The terms good or best practice seem to pervade conversations about food safety at the moment. They seem to be used mainly as a qualifying term for justifying a procedure or standard, which may well be a higher standard than is really necessary! (discuss?)
Sometimes it may be necessary to provide for clarity extra detail beyond the legal minimum standard, which is mainly goal based rather than prescriptive. And many legal standards are further qualified by words such as reasonable, reasonably practicable, etc. or protected by a defence that all reasonable precautions and due diligence were taken.
Much of the FSA’s practical guidance is helpful to a point, and the industry guides offer practical systems that can be expected to demonstrate legal compliance if maintained. But the disclaimer is always hovering around, saying only the courts can decide on contravention or compliance. Even then the legal judgement is qualified either by reasonable doubt, or on balance of probabilities.
The purpose of good practice guidance should be to provide a safety margin above the legal minimum and ensure that if followed the potential for contravention is low, or that if it a contravention is alleged, a realistic defence could be constructed. And that good practice should be realistic, practical and workable in a real food business, without undue expense or resource.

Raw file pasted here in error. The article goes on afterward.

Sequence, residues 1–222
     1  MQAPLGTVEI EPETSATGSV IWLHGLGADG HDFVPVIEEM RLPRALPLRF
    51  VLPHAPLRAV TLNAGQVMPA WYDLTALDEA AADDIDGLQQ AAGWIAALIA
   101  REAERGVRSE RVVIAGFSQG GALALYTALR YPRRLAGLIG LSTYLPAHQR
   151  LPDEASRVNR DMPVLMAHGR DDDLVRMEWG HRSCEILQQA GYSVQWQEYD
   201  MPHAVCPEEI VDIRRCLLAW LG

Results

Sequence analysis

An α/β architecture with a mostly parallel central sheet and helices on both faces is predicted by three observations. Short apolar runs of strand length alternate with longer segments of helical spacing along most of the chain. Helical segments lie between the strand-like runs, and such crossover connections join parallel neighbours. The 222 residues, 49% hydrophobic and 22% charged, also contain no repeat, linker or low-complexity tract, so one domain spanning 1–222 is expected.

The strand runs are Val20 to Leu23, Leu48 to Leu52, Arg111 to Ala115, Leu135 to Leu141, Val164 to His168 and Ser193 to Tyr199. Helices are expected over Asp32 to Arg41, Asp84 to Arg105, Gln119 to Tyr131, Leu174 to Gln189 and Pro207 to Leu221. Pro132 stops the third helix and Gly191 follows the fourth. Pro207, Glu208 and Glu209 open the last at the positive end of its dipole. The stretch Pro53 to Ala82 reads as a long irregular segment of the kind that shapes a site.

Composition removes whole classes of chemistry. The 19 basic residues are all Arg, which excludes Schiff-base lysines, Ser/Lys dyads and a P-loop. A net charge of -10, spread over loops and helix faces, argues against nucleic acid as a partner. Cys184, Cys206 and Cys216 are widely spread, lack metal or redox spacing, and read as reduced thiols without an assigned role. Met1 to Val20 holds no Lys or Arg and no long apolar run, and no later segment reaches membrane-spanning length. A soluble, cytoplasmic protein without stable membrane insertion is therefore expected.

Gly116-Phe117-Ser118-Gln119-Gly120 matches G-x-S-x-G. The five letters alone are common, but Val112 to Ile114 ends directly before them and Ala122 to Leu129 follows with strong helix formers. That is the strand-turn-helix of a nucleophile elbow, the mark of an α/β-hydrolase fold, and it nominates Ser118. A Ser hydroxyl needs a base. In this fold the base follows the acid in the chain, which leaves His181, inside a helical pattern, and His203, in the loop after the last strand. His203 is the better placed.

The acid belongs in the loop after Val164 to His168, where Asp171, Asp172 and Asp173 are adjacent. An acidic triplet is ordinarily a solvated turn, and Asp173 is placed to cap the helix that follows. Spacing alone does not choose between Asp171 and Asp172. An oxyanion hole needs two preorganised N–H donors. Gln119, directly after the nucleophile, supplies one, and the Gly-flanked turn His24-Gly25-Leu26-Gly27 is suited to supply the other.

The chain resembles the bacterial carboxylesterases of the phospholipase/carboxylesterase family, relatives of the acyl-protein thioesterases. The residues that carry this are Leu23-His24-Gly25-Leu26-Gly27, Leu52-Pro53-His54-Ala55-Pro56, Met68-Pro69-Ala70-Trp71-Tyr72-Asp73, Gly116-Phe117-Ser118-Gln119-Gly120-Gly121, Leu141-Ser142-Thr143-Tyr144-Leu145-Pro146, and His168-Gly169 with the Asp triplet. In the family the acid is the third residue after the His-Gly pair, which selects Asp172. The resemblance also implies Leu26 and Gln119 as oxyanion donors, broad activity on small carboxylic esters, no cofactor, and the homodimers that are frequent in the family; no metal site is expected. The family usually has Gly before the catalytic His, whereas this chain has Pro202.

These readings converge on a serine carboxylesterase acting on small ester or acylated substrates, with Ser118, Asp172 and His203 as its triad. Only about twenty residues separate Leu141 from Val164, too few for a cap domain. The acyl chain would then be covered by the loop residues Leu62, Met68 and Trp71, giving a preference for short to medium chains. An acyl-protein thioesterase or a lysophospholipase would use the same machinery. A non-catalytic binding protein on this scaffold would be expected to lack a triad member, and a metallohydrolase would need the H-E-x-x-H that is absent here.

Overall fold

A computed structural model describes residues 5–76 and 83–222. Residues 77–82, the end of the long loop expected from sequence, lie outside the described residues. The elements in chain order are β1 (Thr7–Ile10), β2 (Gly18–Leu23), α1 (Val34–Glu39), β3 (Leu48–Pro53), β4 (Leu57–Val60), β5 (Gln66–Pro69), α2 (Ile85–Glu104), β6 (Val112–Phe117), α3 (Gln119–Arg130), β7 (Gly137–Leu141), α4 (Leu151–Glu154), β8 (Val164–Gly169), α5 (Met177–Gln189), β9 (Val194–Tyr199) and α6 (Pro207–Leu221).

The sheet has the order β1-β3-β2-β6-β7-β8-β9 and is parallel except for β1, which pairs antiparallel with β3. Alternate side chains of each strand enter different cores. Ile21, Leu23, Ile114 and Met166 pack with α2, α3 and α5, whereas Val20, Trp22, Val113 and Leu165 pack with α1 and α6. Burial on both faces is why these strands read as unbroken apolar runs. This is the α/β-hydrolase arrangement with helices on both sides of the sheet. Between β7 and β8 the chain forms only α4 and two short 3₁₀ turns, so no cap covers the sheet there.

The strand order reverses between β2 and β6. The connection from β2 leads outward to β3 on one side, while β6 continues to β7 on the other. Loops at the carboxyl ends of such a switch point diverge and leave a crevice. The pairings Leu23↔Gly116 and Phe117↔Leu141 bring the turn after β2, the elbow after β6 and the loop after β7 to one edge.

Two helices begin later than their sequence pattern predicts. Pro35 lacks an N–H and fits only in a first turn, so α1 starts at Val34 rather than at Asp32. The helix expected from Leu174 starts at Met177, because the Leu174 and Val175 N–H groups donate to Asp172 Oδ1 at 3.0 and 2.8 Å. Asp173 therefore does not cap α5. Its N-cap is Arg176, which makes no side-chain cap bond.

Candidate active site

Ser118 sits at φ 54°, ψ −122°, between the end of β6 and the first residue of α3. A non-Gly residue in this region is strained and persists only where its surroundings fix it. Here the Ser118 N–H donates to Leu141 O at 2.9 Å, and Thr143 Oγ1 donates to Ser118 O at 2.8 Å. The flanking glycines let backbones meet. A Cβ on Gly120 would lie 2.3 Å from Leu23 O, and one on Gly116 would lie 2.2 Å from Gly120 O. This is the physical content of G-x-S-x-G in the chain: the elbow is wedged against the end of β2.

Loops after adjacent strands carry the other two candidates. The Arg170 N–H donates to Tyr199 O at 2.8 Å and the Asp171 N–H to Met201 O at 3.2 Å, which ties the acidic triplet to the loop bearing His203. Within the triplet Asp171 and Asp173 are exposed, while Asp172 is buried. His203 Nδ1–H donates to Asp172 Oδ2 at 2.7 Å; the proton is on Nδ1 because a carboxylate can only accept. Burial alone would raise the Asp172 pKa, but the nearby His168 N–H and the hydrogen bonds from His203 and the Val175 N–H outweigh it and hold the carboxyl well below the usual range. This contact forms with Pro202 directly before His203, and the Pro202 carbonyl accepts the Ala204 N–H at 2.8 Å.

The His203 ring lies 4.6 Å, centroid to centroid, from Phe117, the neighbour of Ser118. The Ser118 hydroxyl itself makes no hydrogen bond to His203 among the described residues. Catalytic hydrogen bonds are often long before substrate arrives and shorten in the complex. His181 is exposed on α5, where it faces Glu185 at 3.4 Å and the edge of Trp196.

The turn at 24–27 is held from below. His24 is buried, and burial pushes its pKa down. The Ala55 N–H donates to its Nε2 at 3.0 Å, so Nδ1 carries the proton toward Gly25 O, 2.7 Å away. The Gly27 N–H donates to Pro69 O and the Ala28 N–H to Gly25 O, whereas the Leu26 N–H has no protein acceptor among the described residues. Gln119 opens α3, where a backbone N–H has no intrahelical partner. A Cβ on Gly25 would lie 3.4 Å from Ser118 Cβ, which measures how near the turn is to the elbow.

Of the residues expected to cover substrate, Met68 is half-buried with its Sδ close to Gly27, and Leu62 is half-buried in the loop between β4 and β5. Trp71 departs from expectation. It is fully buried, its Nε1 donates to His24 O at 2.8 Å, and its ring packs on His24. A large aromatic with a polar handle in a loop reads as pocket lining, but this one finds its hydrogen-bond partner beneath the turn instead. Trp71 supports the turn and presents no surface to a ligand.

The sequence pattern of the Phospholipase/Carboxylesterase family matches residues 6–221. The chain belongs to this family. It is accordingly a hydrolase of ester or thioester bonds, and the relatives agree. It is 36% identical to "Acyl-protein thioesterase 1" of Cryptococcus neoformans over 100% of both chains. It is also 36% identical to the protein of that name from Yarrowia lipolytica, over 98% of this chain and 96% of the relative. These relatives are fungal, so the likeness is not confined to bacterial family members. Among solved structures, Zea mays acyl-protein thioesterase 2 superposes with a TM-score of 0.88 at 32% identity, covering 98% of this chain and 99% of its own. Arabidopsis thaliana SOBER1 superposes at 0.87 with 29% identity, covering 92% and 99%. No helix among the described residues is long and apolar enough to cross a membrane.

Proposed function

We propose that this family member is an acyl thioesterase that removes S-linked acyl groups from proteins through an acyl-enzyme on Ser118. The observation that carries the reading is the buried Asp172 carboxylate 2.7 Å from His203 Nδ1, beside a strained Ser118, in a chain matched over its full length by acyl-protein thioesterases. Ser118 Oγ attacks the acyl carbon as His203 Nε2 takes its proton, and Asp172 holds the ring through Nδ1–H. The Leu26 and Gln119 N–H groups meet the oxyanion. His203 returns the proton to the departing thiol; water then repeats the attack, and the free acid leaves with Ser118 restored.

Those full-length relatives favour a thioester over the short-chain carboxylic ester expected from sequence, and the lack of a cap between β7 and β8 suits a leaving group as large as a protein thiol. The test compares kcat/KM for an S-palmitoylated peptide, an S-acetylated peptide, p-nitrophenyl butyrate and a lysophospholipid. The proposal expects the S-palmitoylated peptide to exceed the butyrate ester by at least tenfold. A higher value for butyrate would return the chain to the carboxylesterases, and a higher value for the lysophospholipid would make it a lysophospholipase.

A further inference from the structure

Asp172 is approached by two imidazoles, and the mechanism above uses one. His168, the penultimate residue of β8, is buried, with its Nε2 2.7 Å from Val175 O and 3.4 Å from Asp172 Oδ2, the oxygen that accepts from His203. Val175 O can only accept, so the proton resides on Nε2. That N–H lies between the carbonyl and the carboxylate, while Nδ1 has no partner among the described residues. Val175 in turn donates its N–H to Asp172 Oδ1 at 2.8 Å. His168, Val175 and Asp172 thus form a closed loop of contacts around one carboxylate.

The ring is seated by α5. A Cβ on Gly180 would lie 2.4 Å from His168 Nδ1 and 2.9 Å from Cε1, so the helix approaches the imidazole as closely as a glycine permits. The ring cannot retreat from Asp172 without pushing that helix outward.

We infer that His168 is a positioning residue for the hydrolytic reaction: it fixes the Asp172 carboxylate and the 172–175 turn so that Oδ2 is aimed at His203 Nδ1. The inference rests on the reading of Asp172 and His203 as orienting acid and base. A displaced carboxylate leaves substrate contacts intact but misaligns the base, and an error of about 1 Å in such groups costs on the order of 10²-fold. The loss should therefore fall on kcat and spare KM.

As far as best practice is concerned, it is a term I try to avoid, for two reasons:
- Best practice isn’t necessary
- Best practice probably is different in every business to a greater or lesser degree
So, for example, headcoverings – what is generally regarded as good practice is for all food handlers (define them as you wish!) to wear something on the head which stops hairs falling into food. But best practice very much depends on the individual, their job, and the area they work in. Unless we want to specify that best practice is always wearing a hairnet and a full headcovering covering all the hair and ears and neck? And if we do that, some businesses will choose not to follow best practice for good reasons, but somehow feel they are failing and at risk of criticism.
As I said, at the beginning, discuss……